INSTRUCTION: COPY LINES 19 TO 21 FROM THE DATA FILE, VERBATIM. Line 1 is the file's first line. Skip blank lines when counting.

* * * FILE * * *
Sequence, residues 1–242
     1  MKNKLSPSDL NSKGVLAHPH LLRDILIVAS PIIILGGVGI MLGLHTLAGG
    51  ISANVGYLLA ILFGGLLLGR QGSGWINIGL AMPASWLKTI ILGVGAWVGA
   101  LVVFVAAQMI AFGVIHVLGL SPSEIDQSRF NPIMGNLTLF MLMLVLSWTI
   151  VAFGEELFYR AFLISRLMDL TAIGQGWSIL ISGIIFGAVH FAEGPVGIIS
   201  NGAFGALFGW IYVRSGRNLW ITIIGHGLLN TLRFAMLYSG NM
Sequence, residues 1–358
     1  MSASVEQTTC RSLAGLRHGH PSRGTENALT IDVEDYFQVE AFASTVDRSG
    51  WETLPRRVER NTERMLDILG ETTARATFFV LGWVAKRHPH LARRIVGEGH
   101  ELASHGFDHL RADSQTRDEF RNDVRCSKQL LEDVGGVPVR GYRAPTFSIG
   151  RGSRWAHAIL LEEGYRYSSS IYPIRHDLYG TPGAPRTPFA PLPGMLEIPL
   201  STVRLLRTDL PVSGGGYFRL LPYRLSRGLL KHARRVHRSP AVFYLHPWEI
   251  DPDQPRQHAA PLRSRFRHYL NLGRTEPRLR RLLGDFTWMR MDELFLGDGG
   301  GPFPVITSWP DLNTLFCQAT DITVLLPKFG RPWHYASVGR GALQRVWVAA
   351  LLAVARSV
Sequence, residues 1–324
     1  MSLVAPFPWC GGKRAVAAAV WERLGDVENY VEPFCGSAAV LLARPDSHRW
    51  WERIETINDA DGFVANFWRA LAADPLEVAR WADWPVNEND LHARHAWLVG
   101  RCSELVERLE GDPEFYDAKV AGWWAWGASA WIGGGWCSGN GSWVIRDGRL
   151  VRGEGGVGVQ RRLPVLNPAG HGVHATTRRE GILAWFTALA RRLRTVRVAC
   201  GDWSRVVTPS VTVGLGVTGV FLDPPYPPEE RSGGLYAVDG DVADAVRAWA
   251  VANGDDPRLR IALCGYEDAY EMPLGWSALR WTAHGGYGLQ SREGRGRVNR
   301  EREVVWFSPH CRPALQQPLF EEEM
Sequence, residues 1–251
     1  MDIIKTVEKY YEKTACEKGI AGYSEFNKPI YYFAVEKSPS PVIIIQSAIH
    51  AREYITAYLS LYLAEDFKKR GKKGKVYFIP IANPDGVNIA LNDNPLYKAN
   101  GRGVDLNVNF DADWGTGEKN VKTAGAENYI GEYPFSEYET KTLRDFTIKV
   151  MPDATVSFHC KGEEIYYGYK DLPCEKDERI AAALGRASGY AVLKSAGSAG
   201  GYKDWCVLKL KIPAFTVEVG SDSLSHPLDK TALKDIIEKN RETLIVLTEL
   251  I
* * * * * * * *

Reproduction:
   101  RCSELVERLE GDPEFYDAKV AGWWAWGASA WIGGGWCSGN GSWVIRDGRL
   151  VRGEGGVGVQ RRLPVLNPAG HGVHATTRRE GILAWFTALA RRLRTVRVAC
   201  GDWSRVVTPS VTVGLGVTGV FLDPPYPPEE RSGGLYAVDG DVADAVRAWA